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25 June 2021: Articles  Oman

Rivaroxaban for Treatment of Left Ventricular Thrombus: A Case Report

Unusual clinical course, Unusual or unexpected effect of treatment, Educational Purpose (only if useful for a systematic review or synthesis)

Juhaina Salim Al-Maqbali A , Maitha Al-Sibani B , Nasiba Al-Maqrashi A , Abdullah M. Al Alawi A* , Hatim Al Lawati A

DOI: 10.12659/AJCR.932140

Am J Case Rep 2021; 22:e932140

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Abstract

BACKGROUND: Left ventricular thrombus (LVT) is a complication of left ventricular dysfunction and myocardial infarction (MI) and is associated with systemic thromboembolism. Two-dimensional transthoracic echocardiography (TTE) is considered the first-line diagnostic tool for detection of LVT. Vitamin K antagonists (VKA) targeting an international normalized ratio (INR) from 2 to 3 are the only approved treatments by the Food and Drug Administration (FDA). New emerging observational data support the use of direct oral anticoagulants (DOACs) as an alternative therapeutic option; however, their safety and efficacy have not been assessed in a good-quality randomized controlled trial.

CASE REPORT: Here, we present a case of a 43-year-old man diagnosed with human immunodeficiency virus (HIV)-associated dilated cardiomyopathy complicated with an LVT. He was treated with rivaroxaban for 9 consecutive months with no interruption of therapy at any point in time; however, he presented to the emergency department with symptoms of decompensated heart failure. A follow-up TTE demonstrated a significant increase in the size of his LVT. This case questions the efficacy of using factor Xa inhibitor (rivaroxaban) as an alternative option for LVT treatment.

CONCLUSIONS: This case demonstrates a failure of rivaroxaban in treating LVT in a patient with HIV-associated dilated cardiomyopathy. Good-quality randomized clinical trials or prospective studies are required to establish the efficacy and safety of DOACs for LVT treatment as an alternative to VKA.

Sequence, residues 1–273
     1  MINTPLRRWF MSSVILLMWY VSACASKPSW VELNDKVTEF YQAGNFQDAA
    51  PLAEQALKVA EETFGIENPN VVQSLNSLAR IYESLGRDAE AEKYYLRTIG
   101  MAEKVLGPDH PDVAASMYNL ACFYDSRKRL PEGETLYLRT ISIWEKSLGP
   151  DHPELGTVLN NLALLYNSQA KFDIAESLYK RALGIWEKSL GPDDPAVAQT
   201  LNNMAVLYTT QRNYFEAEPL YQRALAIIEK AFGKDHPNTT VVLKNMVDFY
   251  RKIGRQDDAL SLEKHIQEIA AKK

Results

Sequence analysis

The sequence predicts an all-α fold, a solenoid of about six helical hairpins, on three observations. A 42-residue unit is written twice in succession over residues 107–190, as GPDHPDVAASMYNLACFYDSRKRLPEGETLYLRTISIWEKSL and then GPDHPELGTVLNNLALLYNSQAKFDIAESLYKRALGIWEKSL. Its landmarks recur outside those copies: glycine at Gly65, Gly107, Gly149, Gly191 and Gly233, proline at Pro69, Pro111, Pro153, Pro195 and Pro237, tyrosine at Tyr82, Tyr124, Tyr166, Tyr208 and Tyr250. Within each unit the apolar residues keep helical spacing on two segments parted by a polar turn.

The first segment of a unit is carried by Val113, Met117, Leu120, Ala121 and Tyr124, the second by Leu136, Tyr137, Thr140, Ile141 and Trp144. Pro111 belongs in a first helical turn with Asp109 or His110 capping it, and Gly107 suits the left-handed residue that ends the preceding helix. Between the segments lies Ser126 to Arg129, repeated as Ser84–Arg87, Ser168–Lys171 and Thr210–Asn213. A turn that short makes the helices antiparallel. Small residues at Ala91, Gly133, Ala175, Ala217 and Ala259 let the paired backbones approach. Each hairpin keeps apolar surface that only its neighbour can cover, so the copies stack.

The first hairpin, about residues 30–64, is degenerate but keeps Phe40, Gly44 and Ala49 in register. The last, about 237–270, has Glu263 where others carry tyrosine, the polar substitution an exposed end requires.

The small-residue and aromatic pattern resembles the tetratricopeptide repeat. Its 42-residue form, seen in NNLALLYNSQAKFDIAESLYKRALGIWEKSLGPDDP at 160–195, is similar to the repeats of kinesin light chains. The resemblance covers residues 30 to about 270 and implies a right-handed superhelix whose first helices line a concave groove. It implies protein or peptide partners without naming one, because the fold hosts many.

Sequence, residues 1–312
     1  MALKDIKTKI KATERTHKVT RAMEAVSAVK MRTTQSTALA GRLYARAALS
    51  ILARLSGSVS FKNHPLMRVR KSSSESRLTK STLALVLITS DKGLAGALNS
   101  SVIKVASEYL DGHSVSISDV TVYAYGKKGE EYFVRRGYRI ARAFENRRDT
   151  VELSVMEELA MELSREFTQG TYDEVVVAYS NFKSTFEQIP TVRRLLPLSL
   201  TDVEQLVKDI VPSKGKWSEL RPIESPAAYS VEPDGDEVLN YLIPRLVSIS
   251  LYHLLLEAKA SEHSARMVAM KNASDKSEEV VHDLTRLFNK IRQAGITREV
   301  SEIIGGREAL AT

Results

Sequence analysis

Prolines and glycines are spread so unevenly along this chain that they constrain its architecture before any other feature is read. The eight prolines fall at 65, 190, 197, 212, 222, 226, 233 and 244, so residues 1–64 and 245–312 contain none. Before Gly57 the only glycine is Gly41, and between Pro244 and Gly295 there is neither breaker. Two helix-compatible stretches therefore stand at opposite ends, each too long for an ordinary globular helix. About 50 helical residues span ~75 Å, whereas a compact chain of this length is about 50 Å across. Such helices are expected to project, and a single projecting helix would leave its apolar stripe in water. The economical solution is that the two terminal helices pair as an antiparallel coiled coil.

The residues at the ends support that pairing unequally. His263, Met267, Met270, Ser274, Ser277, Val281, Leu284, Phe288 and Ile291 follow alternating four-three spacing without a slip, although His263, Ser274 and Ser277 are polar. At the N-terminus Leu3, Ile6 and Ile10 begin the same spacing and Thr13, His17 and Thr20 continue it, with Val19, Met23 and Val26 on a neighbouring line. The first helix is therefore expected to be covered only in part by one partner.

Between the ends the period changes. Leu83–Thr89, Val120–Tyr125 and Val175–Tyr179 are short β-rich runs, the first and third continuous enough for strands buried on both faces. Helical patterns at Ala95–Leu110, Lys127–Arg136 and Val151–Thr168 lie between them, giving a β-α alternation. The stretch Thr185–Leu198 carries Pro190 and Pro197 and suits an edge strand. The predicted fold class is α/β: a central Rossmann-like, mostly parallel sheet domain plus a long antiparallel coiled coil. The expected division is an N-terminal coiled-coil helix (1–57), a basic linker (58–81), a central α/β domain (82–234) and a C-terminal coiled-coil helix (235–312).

Keywords: Atrial Flutter, Cardiomyopathy, Dilated, Embolism and Thrombosis, Factor Xa Inhibitors, Warfarin, Thrombosis, Adult, Anticoagulants, Male, Prospective Studies, Rivaroxaban

Background

Left ventricular thrombus (LVT) is a known complication of myocardial infarction (MI) due to blood stasis, subendocardial injury, and hypercoagulable state. In addition, it often complicates large anterior left ventricular wall infarcts [1–3]. LVT often occurs between 1 to 14 days after MI and, if untreated, is associated with an increased risk of systemic embolization [4,5]. LVT can also occur in patients with severe left ventricular systolic dysfunction due to non-ischemic cardiomyopathy [6]. The estimated prevalence of LVT in patients with severe systolic dysfunction ranges from 2.1% to 7.0%, compared to 7% to 22% following MI [7].

LVT can be detected by two-dimensional transthoracic echocardiography (TTE), computed tomography (CT), or cardiac magnetic resonance imaging (CMRI) [1]. TTE is the first-line diagnostic modality due to its widespread availability. However, TTE has low sensitivity (21% to 35%) to detect mural LVT compared to CMRI, which has a reported sensitivity of up to 88% [1,8].